Of course, the big news is that she hasn't been to school since 6 March, and her therapies have been severely limited. Her teacher has dropped off work for her to do, but she's spectacularly bad at concentrating when she's at home, so we haven't even tried to get her to do work. We think that she knows school is the place to work, so even though they let her watch television occasionally, she still does work there. Plus, of course, her teachers and aides are quite good at their jobs! When she's at home, however, she knows that's the place to watch television, so even if we try to get her to work, she gets too distracted. So she's been watching a lot of television, unfortunately.
She was getting therapy at school, of course, and that's not happening anymore. Her physical therapist, who comes to the house, has been shut out of homes by her employer for several weeks, so she's not getting that. Her occupational therapist decided to distance herself, and then last week she called me to tell me that she was moving out of state, so she won't be back. That's great for her - she's a very cool person and I hope she does well - but not great for Mia, even though she wasn't getting OT recently anyway. I hope that by the time this is over the clinic she goes to will have hired a new OT. We shall see. She is still going to horse therapy, which is nice for her. The clinic isn't that big, and most of the parents have voluntarily kept their kids away (a lot of special needs kids have immune system issues), so she's only in contact with 3-4 people when she goes, and it's good to get her out of the house and out in the fresh air. She's also going to her other therapist on Sunday, whose also stopped seeing most people in person, so her circle has shrunk as well. Mia needs to move around a little bit, and while we try to get her into her chair and get her standing often, it's nice that she's still able to get some therapy to go along with it. I always joke that everyone has a certain amount of health "bad luck," and Mia used all of hers up in one shot, so she's now indestructible. She never gets sick, and she hasn't shown any signs of coronavirus symptoms at all (none of us have, which is fine with me). So while I wish she were still in school, at least she's able to do some things and she's certainly not bored, because she gets to watch a lot of television!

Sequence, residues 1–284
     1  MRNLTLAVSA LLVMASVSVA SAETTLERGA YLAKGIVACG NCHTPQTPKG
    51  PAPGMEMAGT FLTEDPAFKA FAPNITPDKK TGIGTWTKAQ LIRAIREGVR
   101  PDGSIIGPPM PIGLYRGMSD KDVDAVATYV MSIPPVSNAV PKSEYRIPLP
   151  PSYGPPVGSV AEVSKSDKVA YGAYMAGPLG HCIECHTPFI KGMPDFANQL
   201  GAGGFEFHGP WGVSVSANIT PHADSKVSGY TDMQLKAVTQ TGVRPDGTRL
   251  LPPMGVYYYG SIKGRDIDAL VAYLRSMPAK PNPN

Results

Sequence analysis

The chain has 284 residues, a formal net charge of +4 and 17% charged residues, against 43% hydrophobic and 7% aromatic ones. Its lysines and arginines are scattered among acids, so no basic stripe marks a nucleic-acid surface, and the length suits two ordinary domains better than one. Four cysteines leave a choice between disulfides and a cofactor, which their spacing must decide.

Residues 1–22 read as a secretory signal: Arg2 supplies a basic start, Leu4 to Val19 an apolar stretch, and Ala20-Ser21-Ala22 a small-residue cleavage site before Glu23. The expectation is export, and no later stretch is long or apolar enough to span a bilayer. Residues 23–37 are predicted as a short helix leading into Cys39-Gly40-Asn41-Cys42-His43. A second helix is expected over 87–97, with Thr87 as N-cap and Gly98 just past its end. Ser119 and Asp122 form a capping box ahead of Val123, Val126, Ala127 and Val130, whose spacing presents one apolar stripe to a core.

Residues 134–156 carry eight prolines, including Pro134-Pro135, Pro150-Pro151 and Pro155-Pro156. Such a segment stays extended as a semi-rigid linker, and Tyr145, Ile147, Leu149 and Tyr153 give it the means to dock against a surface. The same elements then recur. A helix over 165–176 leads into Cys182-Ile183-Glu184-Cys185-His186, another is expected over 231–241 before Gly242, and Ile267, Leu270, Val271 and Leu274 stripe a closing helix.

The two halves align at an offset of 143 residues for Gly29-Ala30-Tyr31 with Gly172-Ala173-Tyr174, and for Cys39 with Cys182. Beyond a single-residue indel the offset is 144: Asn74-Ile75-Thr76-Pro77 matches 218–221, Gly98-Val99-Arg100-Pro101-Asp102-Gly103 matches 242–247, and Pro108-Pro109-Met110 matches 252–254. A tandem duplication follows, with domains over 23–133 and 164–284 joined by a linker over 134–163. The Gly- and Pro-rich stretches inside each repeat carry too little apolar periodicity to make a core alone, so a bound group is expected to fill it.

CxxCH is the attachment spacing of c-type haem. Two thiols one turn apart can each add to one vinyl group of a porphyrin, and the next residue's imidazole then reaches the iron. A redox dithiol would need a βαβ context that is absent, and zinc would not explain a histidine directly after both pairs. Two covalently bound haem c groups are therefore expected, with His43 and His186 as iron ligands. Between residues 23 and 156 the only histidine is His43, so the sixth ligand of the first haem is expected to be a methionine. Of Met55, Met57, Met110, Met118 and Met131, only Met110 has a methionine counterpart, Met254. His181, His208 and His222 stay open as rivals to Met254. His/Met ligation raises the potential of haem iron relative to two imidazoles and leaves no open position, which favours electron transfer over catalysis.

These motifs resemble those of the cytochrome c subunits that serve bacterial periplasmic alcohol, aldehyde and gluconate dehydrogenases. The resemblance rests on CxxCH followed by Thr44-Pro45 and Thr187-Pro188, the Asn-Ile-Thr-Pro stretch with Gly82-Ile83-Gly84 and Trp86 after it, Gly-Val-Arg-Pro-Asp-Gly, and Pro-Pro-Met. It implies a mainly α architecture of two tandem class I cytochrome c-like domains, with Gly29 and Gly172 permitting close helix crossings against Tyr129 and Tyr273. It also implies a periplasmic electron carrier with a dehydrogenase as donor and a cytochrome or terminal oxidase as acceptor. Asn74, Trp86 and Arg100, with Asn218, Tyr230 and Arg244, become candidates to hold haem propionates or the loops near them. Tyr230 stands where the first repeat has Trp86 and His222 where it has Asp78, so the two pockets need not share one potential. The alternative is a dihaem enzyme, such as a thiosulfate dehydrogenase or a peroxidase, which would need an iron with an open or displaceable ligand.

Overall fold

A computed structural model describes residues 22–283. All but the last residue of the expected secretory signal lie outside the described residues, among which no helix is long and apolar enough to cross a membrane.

There's not much else going on. We took her to Pennsylvania in July for our anniversary party, and she had a grand time. My parents visited over Christmas, and while Mia doesn't seem to care who's around her at any given time (even if it's her mother and father), she does seem to like seeing her grandparents. My mom came out in March, because I was supposed to go to Seattle for the comic book convention and she was going to help Krys with Mia, but even though that was canceled, we still told my mom to come out.
Looking back, maybe that was foolish, but we all survived. So Mia got to hang out with her grandmother a bit more. We hope that my mom, sister, and her kids are still coming in July, but we'll see. Mia continues to do well, and we're just happy that there's nothing upsetting her routine too much. Her health is fine, she's still learning stuff (slowly, but still), and she seems perfectly happy (most of the time; she's still a teenager). Obviously, we're happy she's alive!

If you're interested and missed things, here's the post about her accident. And, of course, my annual updates: 2005, 2006, 2007, 2008, 2009, 2010, 2011, 2012, 2013, 2014, 2015, 2016, 2017, 2018, and 2019. Thanks, as always, for reading. I always hope I'll update more than once or twice a year - we'll see going forward!


  • I always love these. I hadn't thought about the "turning-18" thing.

    By Blogger Roger Owen Green, at 19/4/20 6:08 PM  

  • Yeah, it's one of those fun things you wouldn't know unless you have a special needs kid. In a lot of cases, I think it has to do with finances, as in the kids are, as I noted, too trusting or they just don't understand money that well, so the parents are in charge of that even though the kid can live on their own. With Mia, it will be more, I think, a rubber stamp to keep letting us do what we're doing.

    Thanks for reading, as always!

    By Blogger Greg, at 20/4/20 9:57 PM